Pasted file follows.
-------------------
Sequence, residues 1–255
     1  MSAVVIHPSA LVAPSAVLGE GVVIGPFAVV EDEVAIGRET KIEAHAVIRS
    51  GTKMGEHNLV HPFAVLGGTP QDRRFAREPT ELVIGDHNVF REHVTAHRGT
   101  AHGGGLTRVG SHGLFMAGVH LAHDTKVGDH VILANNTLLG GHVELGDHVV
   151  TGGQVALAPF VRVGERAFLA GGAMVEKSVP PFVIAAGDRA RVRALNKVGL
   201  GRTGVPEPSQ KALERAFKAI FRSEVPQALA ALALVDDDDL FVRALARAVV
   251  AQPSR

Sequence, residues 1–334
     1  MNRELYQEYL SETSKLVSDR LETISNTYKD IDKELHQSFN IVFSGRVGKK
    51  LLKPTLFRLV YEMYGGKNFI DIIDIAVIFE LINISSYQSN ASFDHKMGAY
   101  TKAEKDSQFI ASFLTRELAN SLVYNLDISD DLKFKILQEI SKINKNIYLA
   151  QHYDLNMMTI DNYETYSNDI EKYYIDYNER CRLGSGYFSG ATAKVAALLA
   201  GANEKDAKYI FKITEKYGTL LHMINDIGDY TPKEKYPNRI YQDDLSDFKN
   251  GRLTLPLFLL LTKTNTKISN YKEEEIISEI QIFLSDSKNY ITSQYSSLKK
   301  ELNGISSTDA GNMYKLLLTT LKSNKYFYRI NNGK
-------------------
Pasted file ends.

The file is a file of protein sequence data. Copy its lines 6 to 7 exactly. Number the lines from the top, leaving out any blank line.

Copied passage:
   201  GRTGVPEPSQ KALERAFKAI FRSEVPQALA ALALVDDDDL FVRALARAVV
   251  AQPSR